The article 'Unmasking the heat' (Down To Earth, Vol 7, No 4; July 15) made interesting reading. The 1998 summer spelt doom for people in the Indian subcontinent. The government's apathy in providing basic amenities, like water and electricity, to its citizens has only aggravated the problem. With pollution on the rise arid the concerned authorities not taking any steps to check emissions, this summer could be just a precedent to what may be in store for us: ;The Met office also seemed to falter in their forecast.
Even a commoner could tell that the June 16 downpour was not the ' beginning of the monsoon in Delhi. It was a freak shower brought about by the cyclone in the Arabian Sea. Also, it is very sad to note that in Gujarat, hun-dreds of lives could have been saved had there been better coordination among the concerned officials. It is a case of the right hand of the govern-ment not knowing what the left is doing. And who bears the brunt? The poor public, of course. ...
Down the drain
The article on the-Indian Institutes of Technology (IITS) 'Who cares for India today' (Down To Earth, Vol 6, No 24; May 15) succinctly dealt with the subsidy aspects in a poor country like India.
The lecture rooms and the labora-tories in the IITS remain unused for long periods which can be used to accommodate more students. The schedule for the students should be organised in such a way that one set of students attends classes in the lecture rooms and another can conduct research in laboratories.
You have also talked about the fee structure. A large amount of money is being spent on scholarships for the undergraduate students who comprise around 50 per cent of the total students (25 per cent receive scholarships from IITS and the rest manage through their states and other agencies). Most of these students are well-off, yet they manage to get the "right" kind of income certificates to quality for these oo scholarships.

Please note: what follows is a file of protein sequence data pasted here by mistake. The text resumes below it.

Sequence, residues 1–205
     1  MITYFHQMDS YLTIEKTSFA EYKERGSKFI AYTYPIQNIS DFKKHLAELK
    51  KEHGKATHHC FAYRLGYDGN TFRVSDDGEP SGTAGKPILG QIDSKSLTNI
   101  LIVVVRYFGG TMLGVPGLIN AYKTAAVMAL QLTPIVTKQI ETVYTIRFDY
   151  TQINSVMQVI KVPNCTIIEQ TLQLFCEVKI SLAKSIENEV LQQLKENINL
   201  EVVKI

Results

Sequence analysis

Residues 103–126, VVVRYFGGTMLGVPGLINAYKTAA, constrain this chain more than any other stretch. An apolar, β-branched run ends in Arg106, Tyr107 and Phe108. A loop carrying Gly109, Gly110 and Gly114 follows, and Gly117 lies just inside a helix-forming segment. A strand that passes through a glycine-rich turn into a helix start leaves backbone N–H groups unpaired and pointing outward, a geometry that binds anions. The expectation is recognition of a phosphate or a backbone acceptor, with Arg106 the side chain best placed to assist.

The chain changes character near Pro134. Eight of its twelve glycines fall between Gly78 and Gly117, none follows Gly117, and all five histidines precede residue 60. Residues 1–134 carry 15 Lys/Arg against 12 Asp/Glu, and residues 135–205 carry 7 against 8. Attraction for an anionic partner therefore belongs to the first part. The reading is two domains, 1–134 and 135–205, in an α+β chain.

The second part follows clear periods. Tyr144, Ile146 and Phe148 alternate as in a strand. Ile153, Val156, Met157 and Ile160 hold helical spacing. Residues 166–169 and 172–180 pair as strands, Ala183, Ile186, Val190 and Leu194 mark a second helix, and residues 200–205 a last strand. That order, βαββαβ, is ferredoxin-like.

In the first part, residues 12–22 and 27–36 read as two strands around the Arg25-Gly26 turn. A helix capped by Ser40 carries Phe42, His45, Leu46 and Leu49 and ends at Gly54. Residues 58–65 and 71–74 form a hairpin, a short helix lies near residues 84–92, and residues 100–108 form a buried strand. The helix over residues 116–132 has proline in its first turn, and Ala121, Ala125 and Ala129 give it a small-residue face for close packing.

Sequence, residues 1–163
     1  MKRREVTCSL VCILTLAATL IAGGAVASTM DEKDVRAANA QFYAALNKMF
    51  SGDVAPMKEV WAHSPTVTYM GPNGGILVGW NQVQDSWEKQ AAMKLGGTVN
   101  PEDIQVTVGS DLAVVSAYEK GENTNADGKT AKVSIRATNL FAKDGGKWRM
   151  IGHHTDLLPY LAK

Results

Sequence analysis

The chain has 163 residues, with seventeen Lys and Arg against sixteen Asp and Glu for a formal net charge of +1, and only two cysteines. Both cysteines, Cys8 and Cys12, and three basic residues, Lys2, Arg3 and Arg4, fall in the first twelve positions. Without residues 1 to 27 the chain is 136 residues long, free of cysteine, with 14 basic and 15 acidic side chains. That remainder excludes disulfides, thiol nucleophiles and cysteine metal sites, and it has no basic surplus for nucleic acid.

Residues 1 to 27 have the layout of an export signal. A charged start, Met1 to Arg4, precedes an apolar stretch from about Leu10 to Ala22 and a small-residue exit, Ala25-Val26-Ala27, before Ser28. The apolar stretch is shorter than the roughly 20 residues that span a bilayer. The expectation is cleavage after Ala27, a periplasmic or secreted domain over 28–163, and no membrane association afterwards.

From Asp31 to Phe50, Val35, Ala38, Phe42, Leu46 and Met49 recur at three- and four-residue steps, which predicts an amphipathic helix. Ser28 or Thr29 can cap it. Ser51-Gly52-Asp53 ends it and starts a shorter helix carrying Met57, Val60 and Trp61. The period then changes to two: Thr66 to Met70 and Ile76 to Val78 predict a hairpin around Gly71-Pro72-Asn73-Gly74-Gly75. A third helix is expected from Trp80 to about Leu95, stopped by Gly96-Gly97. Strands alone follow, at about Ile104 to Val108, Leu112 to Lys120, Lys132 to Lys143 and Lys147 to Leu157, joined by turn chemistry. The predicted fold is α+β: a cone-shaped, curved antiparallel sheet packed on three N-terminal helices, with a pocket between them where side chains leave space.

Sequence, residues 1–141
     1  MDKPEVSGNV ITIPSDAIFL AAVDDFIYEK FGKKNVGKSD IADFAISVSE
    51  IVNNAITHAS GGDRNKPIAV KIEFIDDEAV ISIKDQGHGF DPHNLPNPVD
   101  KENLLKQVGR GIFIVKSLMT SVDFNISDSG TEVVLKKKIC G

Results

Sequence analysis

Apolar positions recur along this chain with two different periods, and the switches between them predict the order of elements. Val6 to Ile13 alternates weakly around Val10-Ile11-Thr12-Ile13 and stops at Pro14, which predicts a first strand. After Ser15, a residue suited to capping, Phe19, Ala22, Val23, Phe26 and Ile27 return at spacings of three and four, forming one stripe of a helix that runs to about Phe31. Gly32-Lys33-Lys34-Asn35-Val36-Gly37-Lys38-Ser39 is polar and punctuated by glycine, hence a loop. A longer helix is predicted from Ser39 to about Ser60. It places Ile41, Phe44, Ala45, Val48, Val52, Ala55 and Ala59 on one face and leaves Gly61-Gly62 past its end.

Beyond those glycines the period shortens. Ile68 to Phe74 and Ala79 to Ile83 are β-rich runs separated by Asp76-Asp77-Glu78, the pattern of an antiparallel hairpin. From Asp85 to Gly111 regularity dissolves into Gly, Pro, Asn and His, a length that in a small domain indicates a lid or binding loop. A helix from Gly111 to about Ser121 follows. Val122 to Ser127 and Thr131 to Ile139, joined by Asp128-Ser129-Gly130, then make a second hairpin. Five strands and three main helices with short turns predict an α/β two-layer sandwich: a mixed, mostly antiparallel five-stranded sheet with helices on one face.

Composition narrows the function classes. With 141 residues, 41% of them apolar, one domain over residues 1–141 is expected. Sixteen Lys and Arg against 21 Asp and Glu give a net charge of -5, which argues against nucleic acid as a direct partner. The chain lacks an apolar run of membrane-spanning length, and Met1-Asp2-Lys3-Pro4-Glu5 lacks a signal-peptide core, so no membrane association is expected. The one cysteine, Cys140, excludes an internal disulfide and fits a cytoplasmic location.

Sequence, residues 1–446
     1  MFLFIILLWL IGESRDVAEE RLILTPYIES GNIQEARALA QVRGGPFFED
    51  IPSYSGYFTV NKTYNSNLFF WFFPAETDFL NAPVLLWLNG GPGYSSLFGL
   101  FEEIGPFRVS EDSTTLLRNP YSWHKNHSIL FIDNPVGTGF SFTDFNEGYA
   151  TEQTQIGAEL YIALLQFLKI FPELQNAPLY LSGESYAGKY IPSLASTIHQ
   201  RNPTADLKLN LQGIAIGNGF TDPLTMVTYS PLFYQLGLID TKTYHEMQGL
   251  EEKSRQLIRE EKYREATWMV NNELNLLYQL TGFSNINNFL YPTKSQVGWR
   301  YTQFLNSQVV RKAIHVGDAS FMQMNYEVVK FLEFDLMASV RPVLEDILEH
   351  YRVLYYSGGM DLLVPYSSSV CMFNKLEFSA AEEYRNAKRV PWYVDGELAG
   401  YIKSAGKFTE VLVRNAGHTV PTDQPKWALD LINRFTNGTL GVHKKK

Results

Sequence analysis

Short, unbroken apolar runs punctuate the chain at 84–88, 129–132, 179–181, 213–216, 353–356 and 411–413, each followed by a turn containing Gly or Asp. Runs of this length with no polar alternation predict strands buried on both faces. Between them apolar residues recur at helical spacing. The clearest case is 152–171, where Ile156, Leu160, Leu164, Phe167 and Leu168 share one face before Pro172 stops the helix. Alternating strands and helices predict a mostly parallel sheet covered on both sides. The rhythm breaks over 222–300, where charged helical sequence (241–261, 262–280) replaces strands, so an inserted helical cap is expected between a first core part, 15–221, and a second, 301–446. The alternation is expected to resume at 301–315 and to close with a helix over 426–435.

There are also a large number of scholarships for the post-graduate and PhD students, apart from other reim-bursable expenses. Mpst of these students simply join these courses to get "respectable" opportunities. Others acquire these degrees to get promotions in their organisations. In fact, the IITS churn out "repetitive and meaningless" students. If you add the cost of the pay-packets of the faculty, the cost of labo-ratory inputs and expenses for their accommodations and other facilities, one can imagine the quantum of cost we are incurring on the IITS. If the numbers of students are limited to those few who are really interested in doing research, a large number of hostel rooms can be made available to undergraduate students.
"A person who has published just one paper which has been referred by 200 researchers is better than one who has published 200 papers but nobody has refereed them," said one lecturer. One will have to ensure the quality of papers ,yritten by researchers.
Recently, I discussed the current research and funding of IITS with a few staff members of the IIT. All of them were waxing eloquent as to how IITS> are going to be self reliant and will manage funding on their own. But, none of them could see the thin line in the argument. When I told them that earlier the money was coming from the human resource development ministry and now each professor and researcher would have to rnanage funds from the ministries concerned, they were taken aback that somebody from "outside" had knowledge about their "secrets". There is little difference from the earlier times. As you may be aware, ministries are flush with funds for these purposes and they are too eager to release them for any project. Now, will one call it self-reliance? Hardly any market-source funds are coming to aid these institutes....
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